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The two loves of Kalamaras’s life: Surrealism and Hindu mysticism (with a touch of rhetorical theory!).

The climax of the novel is so mawkish that its downright dismissal of the fraught implications of his “achievement” are extremely troubling.

[No Real Than You Are]

I always think that a poem "off the page" becomes an "act" of language rather than a poem, a thing made out of words.

When charm works, the connection established between individuals is palpable.

[Slip]

LOST generates the final thrust of its narrative through even more privileged positions.

Michael Montlack’s new poem collection Cool Limbo, for starters, looks really cool before it’s even opened.

[Candor Here, Lustre There]

Being “timeless” isn’t about removing the contemporary but about writing a good poem.

Ben Pease interviews Christie Ann Reynolds on the Scattered Rhymes podcast.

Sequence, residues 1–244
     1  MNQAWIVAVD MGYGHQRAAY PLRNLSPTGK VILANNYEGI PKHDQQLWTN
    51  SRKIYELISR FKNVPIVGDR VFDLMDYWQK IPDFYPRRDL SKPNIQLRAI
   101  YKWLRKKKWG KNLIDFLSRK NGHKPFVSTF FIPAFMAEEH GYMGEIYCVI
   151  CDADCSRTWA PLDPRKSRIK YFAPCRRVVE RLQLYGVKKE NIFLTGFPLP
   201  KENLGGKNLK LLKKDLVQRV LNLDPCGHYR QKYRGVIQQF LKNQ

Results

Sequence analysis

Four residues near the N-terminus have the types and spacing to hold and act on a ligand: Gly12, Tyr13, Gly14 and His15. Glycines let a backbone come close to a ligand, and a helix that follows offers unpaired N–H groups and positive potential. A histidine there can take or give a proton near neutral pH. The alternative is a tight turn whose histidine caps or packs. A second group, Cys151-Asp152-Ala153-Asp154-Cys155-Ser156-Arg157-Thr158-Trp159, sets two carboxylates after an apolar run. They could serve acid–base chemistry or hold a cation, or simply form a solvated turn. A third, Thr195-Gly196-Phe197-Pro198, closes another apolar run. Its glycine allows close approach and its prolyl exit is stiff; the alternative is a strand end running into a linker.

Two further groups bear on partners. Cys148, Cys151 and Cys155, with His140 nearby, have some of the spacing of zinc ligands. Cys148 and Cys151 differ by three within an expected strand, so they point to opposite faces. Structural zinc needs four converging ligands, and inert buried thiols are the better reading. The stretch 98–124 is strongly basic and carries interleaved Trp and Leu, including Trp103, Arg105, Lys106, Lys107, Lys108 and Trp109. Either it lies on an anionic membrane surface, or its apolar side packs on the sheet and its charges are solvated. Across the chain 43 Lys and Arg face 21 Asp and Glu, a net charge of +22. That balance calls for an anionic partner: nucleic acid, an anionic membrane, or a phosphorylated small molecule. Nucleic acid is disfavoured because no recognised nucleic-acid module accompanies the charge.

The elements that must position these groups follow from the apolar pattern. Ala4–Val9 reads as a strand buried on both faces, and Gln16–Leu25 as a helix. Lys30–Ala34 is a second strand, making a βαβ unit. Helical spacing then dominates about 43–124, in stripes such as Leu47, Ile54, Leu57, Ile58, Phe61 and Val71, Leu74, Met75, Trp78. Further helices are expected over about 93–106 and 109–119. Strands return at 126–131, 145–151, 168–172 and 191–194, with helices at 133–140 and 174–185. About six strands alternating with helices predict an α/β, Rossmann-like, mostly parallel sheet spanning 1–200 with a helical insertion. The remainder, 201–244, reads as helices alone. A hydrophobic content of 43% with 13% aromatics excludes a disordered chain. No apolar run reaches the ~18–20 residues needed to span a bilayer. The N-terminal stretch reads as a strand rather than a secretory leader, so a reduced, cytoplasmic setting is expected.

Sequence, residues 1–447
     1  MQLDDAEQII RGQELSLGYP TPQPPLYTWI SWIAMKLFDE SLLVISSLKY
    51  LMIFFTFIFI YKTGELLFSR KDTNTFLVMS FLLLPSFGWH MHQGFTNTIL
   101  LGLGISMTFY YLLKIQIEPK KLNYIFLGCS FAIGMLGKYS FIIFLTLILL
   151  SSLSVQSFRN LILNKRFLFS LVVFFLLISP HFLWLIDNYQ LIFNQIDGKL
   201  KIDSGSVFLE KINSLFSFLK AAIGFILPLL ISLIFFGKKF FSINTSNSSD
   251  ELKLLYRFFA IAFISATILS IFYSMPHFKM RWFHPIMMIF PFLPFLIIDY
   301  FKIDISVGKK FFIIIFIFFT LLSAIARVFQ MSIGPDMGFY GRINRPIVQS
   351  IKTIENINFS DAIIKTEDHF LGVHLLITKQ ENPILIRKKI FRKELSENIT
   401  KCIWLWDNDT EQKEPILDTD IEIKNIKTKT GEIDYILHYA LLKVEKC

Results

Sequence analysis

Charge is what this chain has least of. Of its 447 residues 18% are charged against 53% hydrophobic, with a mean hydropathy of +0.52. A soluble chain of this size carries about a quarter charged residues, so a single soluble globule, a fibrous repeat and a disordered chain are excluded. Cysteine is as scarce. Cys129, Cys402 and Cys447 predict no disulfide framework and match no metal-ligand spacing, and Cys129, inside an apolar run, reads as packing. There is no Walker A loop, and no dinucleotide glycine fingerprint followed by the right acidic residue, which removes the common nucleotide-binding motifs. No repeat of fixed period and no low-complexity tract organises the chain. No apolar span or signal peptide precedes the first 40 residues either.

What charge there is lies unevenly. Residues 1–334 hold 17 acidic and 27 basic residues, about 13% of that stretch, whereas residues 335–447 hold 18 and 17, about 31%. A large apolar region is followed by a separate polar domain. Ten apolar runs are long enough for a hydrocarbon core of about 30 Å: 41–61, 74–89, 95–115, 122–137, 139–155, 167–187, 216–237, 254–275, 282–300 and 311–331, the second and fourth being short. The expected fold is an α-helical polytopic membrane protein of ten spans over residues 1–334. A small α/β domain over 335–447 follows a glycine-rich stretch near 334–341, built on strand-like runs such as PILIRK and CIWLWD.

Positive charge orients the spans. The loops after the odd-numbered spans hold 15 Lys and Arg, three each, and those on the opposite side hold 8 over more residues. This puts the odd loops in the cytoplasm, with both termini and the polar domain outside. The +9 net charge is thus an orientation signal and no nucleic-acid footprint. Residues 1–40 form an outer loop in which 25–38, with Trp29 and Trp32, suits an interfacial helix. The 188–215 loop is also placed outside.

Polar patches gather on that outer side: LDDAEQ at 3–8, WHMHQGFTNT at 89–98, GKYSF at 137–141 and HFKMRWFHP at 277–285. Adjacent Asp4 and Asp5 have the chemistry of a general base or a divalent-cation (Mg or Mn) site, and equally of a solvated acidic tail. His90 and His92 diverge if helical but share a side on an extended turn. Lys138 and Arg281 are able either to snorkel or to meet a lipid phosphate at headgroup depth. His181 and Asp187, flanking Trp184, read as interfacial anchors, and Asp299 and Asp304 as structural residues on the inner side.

[After Catullus and Horace]

This evening at Catholic mass, while everyone bowed their heads to pray, I asked Jesus not only to help me be good to my husband and my family, but also what he thought about my poetry. I heard a voice, perhaps in my head, or perhaps funneled out the church ceiling which said, “your poetry will touch a few hearts, but it won’t help you in heaven.”

Okay! Fine. Tea Obreht is a veritable prodigy, and The Tiger's Wife is uncannily good. Most (no, all) reviewers, as well as the likes of Colum McCann, TC Boyle, and Ann Patchett, say no less. But this novel is not just good for a twenty-five year old. Most of us would kill to kill it like she does.

[Selections from "Under Ben Bulben"]

Digress, digress, follow the nose of your longing.